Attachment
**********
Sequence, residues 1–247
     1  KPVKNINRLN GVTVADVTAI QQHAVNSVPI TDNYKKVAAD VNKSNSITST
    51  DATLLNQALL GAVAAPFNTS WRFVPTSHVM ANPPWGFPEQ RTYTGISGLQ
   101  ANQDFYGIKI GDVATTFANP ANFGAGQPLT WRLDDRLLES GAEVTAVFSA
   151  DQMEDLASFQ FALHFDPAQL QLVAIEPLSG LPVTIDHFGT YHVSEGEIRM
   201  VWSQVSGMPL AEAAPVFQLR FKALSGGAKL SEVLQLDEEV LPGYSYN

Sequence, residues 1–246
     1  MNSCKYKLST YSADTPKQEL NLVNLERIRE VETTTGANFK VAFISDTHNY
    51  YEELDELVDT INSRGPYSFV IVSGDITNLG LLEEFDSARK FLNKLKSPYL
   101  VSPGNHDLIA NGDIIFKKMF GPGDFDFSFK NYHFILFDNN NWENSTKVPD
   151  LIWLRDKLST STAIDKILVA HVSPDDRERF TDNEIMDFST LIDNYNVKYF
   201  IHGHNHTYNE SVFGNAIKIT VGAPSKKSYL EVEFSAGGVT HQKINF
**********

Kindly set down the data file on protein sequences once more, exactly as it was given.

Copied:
Sequence, residues 1–247
     1  KPVKNINRLN GVTVADVTAI QQHAVNSVPI TDNYKKVAAD VNKSNSITST
    51  DATLLNQALL GAVAAPFNTS WRFVPTSHVM ANPPWGFPEQ RTYTGISGLQ
   101  ANQDFYGIKI GDVATTFANP ANFGAGQPLT WRLDDRLLES GAEVTAVFSA
   151  DQMEDLASFQ FALHFDPAQL QLVAIEPLSG LPVTIDHFGT YHVSEGEIRM
   201  VWSQVSGMPL AEAAPVFQLR FKALSGGAKL SEVLQLDEEV LPGYSYN

Sequence, residues 1–246
     1  MNSCKYKLST YSADTPKQEL NLVNLERIRE VETTTGANFK VAFISDTHNY
    51  YEELDELVDT INSRGPYSFV IVSGDITNLG LLEEFDSARK FLNKLKSPYL
   101  VSPGNHDLIA NGDIIFKKMF GPGDFDFSFK NYHFILFDNN NWENSTKVPD
   151  LIWLRDKLST STAIDKILVA HVSPDDRERF TDNEIMDFST LIDNYNVKYF
   201  IHGHNHTYNE SVFGNAIKIT VGAPSKKSYL EVEFSAGGVT HQKINF